Naked Donald Trump Art Sells for $22K, James Franco Directs Film for Sotheby’s

BEVERLY HILLS, CA - OCTOBER 17: A naked statue of Republican Presidential Candidate Donald Trump titled "The Emperor Has No Balls" is on exhibition at Julien's Auctions Gallery on October 17, 2016 in Beverly Hills, California.

A naked statue of Republican Presidential Candidate Donald Trump titled The Emperor Has No Balls on view at Julien’s Auctions Gallery on October 17, 2016 in Beverly Hills, California. Alberto E. Rodriguez/Getty Images

Naked Donald Trump statue sells for $22,000. Art collective INDECLINE’s x-rated sculpture, titled The Emperor Has No Balls, sold at Julien’s Auctions in Los Angeles on Saturday for more than double its initial estimate of $10,000.

James Franco made a goop-filled film for Sotheby’s. The auction house tapped Franco to direct a four-minute-long film to promote its exhibition of Renaissance-era Italian ceramics, “Glazed: The Legacy of The Della Robia.” The film features several models standing in poses similar to works featured in the exhibition, and patiently enduring a slime bath—which Franco captured in slow motion.

Billionaire Japanese businessman and auction house veteran named among 2016’s art world “disruptors.” Artnet news has named 10 individuals, including fashion mogul and art collecting newbie Yusaku Maezawa and art advisor Amy Cappellazzo, as the scenes leading “game changers.”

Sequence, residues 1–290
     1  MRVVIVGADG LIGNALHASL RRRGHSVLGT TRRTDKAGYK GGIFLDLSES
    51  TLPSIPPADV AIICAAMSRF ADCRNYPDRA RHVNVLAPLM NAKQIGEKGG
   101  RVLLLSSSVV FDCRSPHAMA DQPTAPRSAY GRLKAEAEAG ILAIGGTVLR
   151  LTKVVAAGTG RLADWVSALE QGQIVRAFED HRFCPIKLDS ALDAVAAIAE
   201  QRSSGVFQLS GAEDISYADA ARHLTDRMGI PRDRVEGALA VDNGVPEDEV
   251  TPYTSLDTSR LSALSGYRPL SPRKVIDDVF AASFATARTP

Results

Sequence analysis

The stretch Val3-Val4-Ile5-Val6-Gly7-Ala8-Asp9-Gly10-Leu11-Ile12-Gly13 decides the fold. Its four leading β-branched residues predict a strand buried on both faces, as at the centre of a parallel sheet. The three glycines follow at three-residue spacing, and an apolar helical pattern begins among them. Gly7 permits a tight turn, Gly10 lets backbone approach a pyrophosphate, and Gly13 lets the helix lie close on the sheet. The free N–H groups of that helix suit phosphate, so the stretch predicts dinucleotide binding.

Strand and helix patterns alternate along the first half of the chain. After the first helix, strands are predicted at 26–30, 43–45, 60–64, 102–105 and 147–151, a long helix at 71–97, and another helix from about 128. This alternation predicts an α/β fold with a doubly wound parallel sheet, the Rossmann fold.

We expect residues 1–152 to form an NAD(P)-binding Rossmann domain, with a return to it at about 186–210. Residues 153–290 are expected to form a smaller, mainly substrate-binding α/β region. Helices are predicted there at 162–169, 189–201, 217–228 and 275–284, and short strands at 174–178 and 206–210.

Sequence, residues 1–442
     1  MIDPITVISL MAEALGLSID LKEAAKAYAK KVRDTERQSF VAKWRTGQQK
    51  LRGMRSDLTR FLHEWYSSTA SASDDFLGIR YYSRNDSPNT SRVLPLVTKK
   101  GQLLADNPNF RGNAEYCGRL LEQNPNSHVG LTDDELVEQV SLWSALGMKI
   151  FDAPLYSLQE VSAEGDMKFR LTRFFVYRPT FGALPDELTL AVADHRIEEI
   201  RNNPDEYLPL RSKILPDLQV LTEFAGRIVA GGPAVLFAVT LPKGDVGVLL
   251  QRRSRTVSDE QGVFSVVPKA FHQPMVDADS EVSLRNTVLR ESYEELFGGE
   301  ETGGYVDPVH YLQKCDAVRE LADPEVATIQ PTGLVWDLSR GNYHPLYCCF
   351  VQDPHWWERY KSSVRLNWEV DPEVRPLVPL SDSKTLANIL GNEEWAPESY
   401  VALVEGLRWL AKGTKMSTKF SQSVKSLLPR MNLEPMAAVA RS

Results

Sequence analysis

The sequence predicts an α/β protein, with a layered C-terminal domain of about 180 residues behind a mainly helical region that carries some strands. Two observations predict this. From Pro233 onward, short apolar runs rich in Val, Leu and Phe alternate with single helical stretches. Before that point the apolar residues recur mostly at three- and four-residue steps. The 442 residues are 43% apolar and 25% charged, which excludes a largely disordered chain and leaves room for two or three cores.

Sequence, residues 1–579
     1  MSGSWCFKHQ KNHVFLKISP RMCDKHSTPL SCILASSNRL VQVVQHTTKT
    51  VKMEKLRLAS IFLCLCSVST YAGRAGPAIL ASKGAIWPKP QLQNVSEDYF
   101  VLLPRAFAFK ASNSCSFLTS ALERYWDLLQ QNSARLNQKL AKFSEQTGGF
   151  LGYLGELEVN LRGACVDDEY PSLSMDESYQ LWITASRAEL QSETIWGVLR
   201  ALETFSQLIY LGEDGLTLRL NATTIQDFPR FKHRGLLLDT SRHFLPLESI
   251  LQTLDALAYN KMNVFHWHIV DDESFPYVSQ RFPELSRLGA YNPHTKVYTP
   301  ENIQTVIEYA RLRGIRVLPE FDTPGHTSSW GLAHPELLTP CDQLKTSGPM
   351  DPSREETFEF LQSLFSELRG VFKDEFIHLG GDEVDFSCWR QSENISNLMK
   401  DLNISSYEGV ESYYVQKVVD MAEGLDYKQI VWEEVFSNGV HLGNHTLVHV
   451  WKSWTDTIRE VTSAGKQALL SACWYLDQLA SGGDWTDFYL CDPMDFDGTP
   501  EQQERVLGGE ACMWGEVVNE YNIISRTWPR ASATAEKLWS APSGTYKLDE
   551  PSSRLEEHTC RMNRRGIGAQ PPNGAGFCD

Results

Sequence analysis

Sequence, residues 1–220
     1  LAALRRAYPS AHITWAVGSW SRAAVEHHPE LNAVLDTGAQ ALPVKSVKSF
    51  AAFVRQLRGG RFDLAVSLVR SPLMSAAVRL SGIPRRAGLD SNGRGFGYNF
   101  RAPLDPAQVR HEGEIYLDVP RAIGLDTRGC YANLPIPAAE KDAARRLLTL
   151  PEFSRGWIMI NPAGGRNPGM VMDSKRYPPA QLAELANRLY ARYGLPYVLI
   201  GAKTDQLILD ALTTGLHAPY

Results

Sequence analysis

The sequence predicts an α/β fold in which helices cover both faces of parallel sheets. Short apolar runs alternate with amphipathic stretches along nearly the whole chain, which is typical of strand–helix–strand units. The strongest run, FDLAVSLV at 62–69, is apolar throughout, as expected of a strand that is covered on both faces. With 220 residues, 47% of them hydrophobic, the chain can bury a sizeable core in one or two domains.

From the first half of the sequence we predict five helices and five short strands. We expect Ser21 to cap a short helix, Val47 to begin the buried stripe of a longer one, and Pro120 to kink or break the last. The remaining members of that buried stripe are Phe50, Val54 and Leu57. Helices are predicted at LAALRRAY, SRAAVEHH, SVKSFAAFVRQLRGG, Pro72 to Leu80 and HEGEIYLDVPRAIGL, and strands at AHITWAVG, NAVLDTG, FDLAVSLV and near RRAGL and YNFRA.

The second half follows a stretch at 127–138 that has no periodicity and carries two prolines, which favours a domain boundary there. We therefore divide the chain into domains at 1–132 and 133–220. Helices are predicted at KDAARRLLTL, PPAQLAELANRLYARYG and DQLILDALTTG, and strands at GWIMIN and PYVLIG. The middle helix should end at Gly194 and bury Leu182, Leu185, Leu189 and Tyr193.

Suzanne Vega doesn’t miss New York’s bad old days. While nostalgia for a pre-gentrified New York where rent was cheap in SoHo and CBGB still existed seems to be the status quo among certain sect of the cultural elite, Vega says her age greatly affected her experience in the city during the 1980s. “I’m not one of these artists who misses old New York. People like Lou Reed and Patti Smith were older than me—they could do what they wanted. But I was an early teen, and it was a nightmare,” she told the New York Post.

An inside look at how disgraced hedge funder Steve Cohen collects art. The billionaire isn’t afraid to cross the East River to discover new talent, according to dealer Larry Gagosian. You might even find him “going to a studio in Brooklyn and climbing up four flights of stairs to look at a painting by a younger artist,” Gagosian told Fortune.